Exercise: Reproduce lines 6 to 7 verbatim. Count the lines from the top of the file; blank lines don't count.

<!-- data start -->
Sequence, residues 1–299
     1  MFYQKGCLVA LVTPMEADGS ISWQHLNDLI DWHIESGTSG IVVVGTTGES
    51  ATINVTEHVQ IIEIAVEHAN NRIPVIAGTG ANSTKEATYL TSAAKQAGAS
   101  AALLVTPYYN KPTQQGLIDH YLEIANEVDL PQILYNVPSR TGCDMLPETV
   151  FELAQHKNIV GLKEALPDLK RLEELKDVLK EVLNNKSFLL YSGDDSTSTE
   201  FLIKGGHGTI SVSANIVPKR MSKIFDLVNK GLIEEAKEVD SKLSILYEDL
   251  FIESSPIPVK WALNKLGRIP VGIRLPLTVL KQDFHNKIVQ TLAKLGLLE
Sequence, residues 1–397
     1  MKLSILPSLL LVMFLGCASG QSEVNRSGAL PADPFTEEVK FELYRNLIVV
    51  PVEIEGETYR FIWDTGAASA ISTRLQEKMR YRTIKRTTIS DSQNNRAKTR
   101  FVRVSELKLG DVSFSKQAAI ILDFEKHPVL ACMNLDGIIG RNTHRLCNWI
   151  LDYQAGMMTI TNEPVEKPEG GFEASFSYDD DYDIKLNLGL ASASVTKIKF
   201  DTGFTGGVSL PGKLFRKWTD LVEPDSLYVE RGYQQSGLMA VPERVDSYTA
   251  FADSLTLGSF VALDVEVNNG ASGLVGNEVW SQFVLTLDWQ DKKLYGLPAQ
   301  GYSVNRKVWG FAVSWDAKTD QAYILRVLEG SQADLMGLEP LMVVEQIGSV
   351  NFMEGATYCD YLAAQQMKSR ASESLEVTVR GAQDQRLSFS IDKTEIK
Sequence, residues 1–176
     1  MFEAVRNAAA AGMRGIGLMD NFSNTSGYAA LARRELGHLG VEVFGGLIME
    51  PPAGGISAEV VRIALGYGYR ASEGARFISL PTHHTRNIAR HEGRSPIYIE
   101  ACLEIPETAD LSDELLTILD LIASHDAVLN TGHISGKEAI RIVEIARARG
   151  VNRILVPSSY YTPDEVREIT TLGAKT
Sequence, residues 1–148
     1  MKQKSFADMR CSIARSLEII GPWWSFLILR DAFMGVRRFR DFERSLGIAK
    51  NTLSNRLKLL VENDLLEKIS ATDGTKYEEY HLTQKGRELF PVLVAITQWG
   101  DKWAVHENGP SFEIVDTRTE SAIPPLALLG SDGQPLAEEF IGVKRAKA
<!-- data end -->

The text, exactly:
   201  FLIKGGHGTI SVSANIVPKR MSKIFDLVNK GLIEEAKEVD SKLSILYEDL
   251  FIESSPIPVK WALNKLGRIP VGIRLPLTVL KQDFHNKIVQ TLAKLGLLE